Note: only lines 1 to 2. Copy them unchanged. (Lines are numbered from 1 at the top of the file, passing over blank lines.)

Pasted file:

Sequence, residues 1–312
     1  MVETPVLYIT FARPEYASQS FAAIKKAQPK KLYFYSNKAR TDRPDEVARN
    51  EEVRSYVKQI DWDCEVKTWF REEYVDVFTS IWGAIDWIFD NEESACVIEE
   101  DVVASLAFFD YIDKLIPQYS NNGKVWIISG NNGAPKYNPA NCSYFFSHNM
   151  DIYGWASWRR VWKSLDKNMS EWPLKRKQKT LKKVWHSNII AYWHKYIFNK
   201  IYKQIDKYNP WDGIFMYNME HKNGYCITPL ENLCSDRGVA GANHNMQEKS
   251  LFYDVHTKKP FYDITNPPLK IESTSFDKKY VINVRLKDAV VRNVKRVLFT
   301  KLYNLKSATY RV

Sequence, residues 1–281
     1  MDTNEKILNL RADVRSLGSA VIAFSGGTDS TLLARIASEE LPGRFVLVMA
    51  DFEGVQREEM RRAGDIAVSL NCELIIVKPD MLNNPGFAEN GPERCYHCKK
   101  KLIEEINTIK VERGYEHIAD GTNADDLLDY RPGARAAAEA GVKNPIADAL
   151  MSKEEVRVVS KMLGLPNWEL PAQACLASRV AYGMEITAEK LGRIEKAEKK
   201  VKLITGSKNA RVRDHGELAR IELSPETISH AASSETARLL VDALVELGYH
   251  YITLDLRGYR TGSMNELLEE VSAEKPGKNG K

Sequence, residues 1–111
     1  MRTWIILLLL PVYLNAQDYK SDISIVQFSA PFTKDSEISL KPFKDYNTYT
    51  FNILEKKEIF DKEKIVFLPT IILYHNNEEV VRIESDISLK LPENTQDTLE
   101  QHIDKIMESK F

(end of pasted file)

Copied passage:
Sequence, residues 1–312
     1  MVETPVLYIT FARPEYASQS FAAIKKAQPK KLYFYSNKAR TDRPDEVARN